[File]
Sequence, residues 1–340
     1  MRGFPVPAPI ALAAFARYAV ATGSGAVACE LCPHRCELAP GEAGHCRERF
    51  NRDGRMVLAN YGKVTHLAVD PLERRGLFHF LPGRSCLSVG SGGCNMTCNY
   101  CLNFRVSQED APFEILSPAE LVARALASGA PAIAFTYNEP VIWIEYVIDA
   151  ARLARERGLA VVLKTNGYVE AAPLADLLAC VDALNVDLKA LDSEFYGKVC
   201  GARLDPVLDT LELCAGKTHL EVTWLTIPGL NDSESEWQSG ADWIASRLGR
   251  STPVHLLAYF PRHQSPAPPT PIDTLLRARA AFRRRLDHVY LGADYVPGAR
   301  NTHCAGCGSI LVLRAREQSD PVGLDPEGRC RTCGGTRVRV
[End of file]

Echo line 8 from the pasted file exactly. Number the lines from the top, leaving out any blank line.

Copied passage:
   301  NTHCAGCGSI LVLRAREQSD PVGLDPEGRC RTCGGTRVRV